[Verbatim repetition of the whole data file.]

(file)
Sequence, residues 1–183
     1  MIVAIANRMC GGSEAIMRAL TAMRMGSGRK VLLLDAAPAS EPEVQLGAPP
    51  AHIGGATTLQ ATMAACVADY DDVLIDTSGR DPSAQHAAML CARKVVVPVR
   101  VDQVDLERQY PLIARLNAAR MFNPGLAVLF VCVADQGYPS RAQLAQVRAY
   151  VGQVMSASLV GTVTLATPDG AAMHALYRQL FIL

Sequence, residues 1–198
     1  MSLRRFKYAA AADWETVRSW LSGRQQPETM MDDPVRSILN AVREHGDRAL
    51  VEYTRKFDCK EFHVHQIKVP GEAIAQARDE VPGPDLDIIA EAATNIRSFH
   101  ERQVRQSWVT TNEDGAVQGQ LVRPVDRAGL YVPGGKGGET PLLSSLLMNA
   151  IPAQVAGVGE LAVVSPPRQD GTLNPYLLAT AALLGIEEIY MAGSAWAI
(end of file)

Sequence, residues 1–183
     1  MIVAIANRMC GGSEAIMRAL TAMRMGSGRK VLLLDAAPAS EPEVQLGAPP
    51  AHIGGATTLQ ATMAACVADY DDVLIDTSGR DPSAQHAAML CARKVVVPVR
   101  VDQVDLERQY PLIARLNAAR MFNPGLAVLF VCVADQGYPS RAQLAQVRAY
   151  VGQVMSASLV GTVTLATPDG AAMHALYRQL FIL

Sequence, residues 1–198
     1  MSLRRFKYAA AADWETVRSW LSGRQQPETM MDDPVRSILN AVREHGDRAL
    51  VEYTRKFDCK EFHVHQIKVP GEAIAQARDE VPGPDLDIIA EAATNIRSFH
   101  ERQVRQSWVT TNEDGAVQGQ LVRPVDRAGL YVPGGKGGET PLLSSLLMNA
   151  IPAQVAGVGE LAVVSPPRQD GTLNPYLLAT AALLGIEEIY MAGSAWAI